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You’ve wondered, right?

You thought setting and achieving big goals would make you feel better, happier. If we’re being honest, maybe even a little invincible.

There’s more to it though. Behind the thrill of setting big goals is also a little anxiety. You don’t talk about it much, but there’s that nagging voice. What will people think of you if you fail? What will you think of yourself?

It’s exactly that fear that keeps you head down and focused. You want to land that dream job. You want to finally pay off your debt. You want to lose fifteen pounds so you aren’t embarrassed to wear shorts in the summer.

You worry that any distraction, interruption, or lack of discipline is going to send those goals down the drain, never to be seen again–and your chance at a better life will disappear with them.

So you turn down invitations, but stay up late. You eat junk food to get you through the days you feel worn down. You’re crushed by all the things you feel need to be done that just aren’t making your list.

At some point, you might stop and wonder: is it worth it?

Congratulations. That’s the first step.

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Clearly, my daughter thinks the way to be more joyful is to sing Christmas carols every chance she gets.

Or perhaps I should say Christmas carol. She only knows one.

The truth is, as much as I love the big picture of my life, my daughter will tell you I sometimes get a little … serious. And for someone who’s already pretty busy doing what she wants to do, the holidays can be a distraction I’m not always as grateful for as I should be.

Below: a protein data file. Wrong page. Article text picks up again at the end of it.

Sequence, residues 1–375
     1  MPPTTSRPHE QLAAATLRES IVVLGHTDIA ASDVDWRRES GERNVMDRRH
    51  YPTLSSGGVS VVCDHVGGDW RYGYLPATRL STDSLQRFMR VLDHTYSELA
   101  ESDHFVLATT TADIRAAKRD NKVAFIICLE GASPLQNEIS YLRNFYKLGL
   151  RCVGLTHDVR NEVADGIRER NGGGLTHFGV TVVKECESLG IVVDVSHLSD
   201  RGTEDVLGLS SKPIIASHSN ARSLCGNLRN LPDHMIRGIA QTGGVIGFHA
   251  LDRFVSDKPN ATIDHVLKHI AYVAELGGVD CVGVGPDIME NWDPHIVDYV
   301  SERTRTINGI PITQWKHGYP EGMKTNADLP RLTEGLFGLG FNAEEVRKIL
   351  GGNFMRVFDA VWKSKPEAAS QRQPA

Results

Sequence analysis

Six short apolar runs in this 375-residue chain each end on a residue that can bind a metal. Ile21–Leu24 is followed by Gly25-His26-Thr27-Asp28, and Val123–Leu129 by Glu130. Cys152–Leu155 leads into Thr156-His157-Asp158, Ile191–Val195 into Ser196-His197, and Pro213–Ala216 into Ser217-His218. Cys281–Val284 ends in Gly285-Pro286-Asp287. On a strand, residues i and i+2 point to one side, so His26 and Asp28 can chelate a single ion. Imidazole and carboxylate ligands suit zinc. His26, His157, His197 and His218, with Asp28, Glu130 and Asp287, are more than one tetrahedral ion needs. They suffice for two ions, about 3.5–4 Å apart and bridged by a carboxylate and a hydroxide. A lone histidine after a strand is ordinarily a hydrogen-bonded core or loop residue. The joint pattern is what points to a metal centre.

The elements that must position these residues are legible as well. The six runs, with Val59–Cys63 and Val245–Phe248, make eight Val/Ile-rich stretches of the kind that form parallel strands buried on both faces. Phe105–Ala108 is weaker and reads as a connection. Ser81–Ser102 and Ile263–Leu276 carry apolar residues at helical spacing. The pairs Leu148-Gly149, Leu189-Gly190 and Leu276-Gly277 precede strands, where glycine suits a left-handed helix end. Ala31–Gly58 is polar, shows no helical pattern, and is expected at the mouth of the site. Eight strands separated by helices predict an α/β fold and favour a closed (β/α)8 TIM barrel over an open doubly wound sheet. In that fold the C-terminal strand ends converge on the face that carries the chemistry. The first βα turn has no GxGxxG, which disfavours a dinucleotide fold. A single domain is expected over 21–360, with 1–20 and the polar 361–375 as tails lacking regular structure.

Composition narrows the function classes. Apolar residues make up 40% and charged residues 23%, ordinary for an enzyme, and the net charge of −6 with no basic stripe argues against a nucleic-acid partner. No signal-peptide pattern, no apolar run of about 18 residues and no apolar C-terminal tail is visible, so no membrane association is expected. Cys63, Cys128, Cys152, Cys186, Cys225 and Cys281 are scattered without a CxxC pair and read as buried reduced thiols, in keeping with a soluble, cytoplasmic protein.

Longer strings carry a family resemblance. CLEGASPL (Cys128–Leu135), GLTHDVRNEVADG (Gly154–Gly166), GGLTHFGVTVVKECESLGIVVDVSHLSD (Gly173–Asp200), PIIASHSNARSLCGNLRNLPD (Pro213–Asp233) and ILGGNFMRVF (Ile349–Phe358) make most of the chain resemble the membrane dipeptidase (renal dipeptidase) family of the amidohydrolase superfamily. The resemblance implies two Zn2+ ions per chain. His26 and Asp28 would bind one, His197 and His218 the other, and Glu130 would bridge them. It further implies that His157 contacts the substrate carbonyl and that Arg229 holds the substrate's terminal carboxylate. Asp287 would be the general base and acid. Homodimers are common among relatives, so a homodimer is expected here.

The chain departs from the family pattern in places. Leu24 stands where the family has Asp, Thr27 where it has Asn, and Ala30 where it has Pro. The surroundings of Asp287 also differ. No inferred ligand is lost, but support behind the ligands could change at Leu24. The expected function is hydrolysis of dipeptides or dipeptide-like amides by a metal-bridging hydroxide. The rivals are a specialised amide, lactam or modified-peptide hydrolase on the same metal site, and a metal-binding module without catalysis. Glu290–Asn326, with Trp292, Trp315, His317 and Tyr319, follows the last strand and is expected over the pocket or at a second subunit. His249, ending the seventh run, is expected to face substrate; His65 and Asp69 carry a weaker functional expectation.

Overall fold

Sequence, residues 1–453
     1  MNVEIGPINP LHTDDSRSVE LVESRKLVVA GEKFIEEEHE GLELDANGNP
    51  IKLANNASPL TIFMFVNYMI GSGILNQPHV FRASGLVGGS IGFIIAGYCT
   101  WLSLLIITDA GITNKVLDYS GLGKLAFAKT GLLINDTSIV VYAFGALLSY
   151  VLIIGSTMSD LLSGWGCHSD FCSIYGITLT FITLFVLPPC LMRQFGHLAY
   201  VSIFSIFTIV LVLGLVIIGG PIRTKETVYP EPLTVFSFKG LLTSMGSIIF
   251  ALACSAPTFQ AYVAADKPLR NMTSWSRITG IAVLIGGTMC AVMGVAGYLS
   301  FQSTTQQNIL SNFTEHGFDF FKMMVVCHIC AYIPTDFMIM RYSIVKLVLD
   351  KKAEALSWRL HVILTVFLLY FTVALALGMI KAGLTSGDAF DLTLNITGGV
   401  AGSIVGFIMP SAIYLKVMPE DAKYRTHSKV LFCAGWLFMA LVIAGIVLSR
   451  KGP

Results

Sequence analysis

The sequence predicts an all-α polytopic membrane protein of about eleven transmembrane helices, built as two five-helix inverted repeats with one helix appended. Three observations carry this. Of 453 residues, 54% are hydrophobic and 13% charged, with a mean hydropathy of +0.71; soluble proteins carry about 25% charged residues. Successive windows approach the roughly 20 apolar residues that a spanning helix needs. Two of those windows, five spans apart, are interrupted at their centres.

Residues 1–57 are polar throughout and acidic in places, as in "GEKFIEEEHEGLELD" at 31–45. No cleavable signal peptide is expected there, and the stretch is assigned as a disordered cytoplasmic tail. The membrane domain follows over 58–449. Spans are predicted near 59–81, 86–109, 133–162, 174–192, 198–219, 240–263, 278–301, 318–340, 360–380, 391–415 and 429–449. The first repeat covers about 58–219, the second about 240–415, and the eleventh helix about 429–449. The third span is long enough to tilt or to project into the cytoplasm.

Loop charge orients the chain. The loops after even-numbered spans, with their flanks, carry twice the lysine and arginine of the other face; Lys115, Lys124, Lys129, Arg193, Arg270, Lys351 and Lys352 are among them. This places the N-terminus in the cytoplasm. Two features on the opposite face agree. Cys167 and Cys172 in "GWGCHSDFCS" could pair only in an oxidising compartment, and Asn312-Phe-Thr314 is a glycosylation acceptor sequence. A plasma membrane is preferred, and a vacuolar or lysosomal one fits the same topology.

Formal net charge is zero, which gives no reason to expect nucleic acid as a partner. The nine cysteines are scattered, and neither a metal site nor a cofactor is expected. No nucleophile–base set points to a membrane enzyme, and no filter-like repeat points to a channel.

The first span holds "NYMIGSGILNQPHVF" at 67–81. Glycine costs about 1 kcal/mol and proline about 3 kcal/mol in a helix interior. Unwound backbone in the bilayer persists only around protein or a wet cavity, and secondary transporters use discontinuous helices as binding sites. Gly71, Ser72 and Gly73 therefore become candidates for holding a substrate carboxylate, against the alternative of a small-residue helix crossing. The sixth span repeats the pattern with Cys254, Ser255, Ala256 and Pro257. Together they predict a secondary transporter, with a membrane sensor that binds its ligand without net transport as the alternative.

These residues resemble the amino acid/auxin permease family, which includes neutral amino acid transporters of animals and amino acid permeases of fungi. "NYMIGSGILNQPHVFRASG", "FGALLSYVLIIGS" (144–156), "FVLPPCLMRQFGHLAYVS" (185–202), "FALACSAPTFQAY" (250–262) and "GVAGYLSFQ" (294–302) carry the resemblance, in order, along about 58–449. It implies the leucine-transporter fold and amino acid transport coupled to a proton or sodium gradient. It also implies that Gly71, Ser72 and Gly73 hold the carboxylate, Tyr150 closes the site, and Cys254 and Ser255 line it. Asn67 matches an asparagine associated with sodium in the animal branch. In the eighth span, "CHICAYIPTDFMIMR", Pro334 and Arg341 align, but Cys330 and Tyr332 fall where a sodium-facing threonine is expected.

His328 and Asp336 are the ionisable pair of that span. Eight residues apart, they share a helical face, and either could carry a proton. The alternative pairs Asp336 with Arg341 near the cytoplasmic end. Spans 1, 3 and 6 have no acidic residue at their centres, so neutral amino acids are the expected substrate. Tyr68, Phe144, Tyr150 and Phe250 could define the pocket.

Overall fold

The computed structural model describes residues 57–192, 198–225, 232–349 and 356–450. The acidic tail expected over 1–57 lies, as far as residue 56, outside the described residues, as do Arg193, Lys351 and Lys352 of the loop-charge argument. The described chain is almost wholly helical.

But you know, that Christmas carol eventually won me over. Joy is contagious. And so I’d like to pass some along to you, just without the singing.

Here’s what I’m doing to bring more joy into my life, now and hopefully year round.

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It’s gutting, isn’t it?

You’ve finally found that thing that makes you feel giddy and alive—maybe it’s a job, or a place, or a person you think you could spend the rest of your life with.

And then, bang. It’s over.

Maybe you were fired. Maybe your positioned is being moved to Newark. Maybe they just weren’t that into you. Whatever the reason, someone else has decided the good times are over and there’s nothing you can do about it.

When you’re in the middle of that pain, you can’t help but wonder: what if that was as good as it gets?

Will I have to settle for something that will always feel less than?